A Friend You Can Be Vulnerable With

This is the friend who gives you a safe place to vent freely (emphasis on safe). This should be someone who’s completely unattached to your work environment, and who you trust to keep your frustrated rant confidential.

A Friend Who Will Hold You Accountable

This is the friend who texts you first thing in the morning to make sure you make it on time to your weekly workout (or insert any other activity that helps you stay sane).

If you need to have a direct or difficult conversation with someone at the office, your motivator can hold you accountable for following through and later follow up to make sure any changes you push for actually stick.

Turn to… External Experts

What if the issue is just too complex for your non-HR allies to handle? It’s time to call in an expert from the outside to coach you through it. This person may not be able to sit in the meeting with you, but they have the knowledge you need and can be your cheerleaders along the way.

For example, I was the first person to go on maternity leave at my last company, and I needed to figure out how to take care of myself and my future child while also following my company’s policies and tying up any loose ends. With the help of my ally, a seasoned HR professional who also happens to be a close college friend, I felt empowered to call a maternity leave planning meeting with my boss and came with a thorough checklist in hand.

A Third-Party HR Company

While your company may not have HR onsite, they may work with a third-party vendor to help with onboarding, benefits, and payroll. Sometimes this even includes access to HR consultants who can help you navigate tricky issues. Check your benefits paperwork for a phone number you can call or a website you can check for resources.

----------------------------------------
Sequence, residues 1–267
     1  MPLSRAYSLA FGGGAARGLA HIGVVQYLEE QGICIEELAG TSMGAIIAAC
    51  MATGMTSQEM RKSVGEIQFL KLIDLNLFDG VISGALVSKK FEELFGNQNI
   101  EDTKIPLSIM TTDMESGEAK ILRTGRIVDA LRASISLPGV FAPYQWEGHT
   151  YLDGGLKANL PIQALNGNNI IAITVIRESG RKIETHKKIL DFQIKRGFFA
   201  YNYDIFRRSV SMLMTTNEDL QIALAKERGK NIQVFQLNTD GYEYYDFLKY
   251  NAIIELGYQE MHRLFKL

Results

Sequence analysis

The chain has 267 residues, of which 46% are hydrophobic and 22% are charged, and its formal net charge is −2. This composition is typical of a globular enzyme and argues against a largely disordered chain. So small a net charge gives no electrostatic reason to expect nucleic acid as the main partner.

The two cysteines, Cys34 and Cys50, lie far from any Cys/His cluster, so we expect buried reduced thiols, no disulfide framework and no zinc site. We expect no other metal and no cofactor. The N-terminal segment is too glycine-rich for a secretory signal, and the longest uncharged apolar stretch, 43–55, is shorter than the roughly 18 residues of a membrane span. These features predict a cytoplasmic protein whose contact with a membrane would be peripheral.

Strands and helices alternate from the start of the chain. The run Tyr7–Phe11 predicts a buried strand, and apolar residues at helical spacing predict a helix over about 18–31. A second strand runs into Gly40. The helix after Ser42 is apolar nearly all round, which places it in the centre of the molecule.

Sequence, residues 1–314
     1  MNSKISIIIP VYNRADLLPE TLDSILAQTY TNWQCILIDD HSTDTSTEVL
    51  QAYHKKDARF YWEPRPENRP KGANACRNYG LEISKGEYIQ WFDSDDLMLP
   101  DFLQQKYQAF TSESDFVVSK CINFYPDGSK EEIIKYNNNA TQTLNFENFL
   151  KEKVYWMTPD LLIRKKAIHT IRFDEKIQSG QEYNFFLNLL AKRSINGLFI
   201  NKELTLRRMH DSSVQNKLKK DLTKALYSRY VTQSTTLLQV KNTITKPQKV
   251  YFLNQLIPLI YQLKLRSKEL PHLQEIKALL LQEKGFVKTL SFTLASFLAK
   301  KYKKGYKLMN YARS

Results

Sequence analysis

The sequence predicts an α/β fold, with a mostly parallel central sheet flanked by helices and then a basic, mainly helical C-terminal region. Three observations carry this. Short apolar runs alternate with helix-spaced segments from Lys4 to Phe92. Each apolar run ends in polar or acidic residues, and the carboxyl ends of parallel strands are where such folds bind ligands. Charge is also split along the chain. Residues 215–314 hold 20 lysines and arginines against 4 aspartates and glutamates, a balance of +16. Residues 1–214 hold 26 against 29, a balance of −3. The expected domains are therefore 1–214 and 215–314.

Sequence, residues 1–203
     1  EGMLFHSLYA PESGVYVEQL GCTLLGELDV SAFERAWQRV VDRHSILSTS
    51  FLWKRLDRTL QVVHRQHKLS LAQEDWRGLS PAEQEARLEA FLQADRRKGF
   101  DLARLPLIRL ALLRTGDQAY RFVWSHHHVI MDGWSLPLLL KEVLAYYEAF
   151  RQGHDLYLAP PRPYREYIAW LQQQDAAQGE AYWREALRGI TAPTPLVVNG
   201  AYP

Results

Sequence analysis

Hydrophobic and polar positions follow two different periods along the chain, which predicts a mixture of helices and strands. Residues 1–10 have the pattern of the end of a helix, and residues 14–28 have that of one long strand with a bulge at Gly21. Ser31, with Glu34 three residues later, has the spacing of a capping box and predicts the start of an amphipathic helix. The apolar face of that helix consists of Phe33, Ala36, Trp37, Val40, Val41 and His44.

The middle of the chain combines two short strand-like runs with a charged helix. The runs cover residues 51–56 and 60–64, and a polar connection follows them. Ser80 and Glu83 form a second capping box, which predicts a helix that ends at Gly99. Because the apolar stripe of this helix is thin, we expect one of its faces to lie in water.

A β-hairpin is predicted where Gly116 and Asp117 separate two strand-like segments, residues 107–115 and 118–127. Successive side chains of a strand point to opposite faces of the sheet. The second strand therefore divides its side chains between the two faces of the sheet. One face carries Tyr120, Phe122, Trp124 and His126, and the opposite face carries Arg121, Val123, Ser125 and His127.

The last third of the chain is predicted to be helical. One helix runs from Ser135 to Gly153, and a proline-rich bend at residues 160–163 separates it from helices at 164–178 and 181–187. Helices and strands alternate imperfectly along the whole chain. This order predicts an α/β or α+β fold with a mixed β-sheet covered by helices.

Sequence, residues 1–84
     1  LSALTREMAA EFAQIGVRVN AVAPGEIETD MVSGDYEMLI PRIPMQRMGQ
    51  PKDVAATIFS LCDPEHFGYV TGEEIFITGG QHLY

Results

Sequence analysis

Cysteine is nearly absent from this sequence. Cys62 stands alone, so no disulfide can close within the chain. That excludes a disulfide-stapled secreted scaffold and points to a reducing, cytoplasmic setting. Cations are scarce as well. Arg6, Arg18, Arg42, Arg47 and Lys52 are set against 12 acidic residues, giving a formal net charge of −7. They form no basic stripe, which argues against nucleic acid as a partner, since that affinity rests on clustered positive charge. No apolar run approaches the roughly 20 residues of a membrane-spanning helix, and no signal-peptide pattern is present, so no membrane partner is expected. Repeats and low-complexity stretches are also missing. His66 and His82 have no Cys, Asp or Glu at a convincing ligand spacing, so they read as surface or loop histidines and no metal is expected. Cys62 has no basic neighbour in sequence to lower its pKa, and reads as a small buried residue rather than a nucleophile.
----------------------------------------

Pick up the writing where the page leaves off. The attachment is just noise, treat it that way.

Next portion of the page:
A Career Coach

Why not entrust someone who’s done this before, a lot? Many career coaches and consultants will create tailored strategies, example scripts, and go through mock conversations to make sure you’re equipped to handle any difficult situations at work.

A Therapist

While a therapist may not have business expertise, they’re experts in how to explore and manage what may be personally holding you back, and can help in creating a plan of action. Ask yourself honestly, is this anxiety or fear I’m feeling about more than just this issue at work? Therapists can help guide your self-discovery into the ‘whys’ of your emotions and behaviors in a safe place.

An HR Friend or Mentor

This can be someone you know directly, a friend of a friend, or someone in your professional network. The point is, speaking to someone who’s in the field and has probably faced this problem a decent amount is a great way to get an honest, unbiased opinion.

Armed with the support and guidance from your allies, it’s time to address that issue head on. (For more advice on having difficult conversations with a co-worker or boss, try this article and this one or this one.)

Navigating workplace problems is never easy, and it’s even more difficult without HR. But by building a trusted team that can help you with various aspects of a tricky situation, you can handle just about anything.